It's not clear how you have incorporated time into the model, if you've modeled the diameter values (or some transformation, like a log) directly as a function of time, or evaluated the change per year in diameter as a function of the weather variables. Harrell discusses different ways to incorporate time; a flexible spline fit for time might be a good choice. It's important to make sure that your combination of time and weather variables makes sense in a causal direction. You want to make sure that the data are formatted in a way that the weather variables are measured just before or during the periods of growth, not after. For example, make sure the wintertemp values are for the winter prior to measurements.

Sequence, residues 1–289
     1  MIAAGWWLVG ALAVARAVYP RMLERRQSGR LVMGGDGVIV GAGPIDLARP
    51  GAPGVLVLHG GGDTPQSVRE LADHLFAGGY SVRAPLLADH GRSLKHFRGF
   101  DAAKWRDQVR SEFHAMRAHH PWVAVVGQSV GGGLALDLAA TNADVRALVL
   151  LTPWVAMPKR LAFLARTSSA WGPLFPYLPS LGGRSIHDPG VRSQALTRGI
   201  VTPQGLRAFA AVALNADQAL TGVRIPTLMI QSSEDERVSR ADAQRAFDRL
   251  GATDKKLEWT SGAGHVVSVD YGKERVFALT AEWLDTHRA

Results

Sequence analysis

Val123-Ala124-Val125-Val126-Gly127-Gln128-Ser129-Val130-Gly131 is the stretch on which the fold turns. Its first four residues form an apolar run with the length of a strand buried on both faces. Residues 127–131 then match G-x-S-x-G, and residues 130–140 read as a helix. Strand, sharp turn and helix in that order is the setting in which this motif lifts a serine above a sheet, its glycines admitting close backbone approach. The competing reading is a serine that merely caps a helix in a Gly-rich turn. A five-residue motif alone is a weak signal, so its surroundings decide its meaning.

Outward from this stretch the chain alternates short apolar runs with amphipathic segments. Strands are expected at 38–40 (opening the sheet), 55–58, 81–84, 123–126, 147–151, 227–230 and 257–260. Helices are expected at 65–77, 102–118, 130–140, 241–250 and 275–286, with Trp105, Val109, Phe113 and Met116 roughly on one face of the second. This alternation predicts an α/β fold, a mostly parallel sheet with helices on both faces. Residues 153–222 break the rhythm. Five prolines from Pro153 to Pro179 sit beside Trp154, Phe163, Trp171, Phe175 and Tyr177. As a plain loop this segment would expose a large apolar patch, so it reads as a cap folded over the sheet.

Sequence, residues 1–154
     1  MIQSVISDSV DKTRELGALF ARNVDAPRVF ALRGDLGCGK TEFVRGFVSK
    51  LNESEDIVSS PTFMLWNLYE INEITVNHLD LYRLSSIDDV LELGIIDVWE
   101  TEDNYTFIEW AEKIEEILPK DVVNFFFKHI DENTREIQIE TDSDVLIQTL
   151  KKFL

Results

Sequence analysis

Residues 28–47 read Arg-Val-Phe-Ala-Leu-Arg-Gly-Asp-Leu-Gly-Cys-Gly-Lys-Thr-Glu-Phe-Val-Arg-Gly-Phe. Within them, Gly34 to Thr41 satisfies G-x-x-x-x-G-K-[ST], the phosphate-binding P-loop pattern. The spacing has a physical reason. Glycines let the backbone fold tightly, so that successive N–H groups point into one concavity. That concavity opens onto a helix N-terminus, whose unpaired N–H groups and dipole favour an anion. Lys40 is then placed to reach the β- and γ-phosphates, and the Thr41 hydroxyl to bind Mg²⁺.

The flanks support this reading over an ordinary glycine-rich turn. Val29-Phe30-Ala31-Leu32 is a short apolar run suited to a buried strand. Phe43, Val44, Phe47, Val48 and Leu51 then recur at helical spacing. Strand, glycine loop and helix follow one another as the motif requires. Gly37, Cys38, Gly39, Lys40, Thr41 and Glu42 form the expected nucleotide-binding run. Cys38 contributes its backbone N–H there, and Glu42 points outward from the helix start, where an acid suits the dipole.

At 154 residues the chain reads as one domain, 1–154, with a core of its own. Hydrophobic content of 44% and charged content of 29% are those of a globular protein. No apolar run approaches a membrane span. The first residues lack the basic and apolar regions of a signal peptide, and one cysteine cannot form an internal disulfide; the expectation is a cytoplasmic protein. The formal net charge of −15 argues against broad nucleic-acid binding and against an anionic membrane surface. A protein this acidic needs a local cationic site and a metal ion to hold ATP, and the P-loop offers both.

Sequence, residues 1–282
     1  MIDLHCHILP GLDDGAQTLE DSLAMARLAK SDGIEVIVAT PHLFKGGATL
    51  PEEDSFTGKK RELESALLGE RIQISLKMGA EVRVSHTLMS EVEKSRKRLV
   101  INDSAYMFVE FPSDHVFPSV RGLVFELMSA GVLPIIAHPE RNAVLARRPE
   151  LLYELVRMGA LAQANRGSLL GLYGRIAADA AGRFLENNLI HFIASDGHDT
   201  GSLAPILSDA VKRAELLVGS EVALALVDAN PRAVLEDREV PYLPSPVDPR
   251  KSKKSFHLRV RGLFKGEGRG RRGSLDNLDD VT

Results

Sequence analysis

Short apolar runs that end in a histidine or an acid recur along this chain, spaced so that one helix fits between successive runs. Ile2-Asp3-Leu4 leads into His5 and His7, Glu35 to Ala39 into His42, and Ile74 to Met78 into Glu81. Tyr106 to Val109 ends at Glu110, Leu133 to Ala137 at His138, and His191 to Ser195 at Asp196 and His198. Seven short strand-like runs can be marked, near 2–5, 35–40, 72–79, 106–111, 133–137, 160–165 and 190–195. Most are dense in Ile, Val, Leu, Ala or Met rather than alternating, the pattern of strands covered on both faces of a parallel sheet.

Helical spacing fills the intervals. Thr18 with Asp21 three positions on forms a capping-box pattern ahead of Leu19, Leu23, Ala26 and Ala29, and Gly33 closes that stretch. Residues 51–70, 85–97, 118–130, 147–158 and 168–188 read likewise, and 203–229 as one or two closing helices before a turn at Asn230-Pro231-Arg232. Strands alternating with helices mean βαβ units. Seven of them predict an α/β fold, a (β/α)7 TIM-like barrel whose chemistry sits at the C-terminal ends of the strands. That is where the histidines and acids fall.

Evaluating individual-level growth can be tricky with data like these. Look at your tree-by-tree data first, with plots of diameter against year. You have no more than 7 observations on any one tree, which greatly limits your ability to evaluate the effects of any predictors on a tree-by-tree basis. You also have several small trees evidently planted in 2007 or 2008, while most have data dating back many more years. Think about whether those more recently planted trees should be modeled differently from the others.

You could consider using modeling the distribution of responses to fixed effects among trees by incorporating random slopes, not just intercepts, into your mixed model. Playing with your data suggest that incorporating some random slopes is possible here, without running into singular-fit problems, particularly if you log-transform your diameter values first.

You'll have to apply your understanding of the subject matter (which I don't have) to describe the results in a way "that is understandable and useful to ecologists."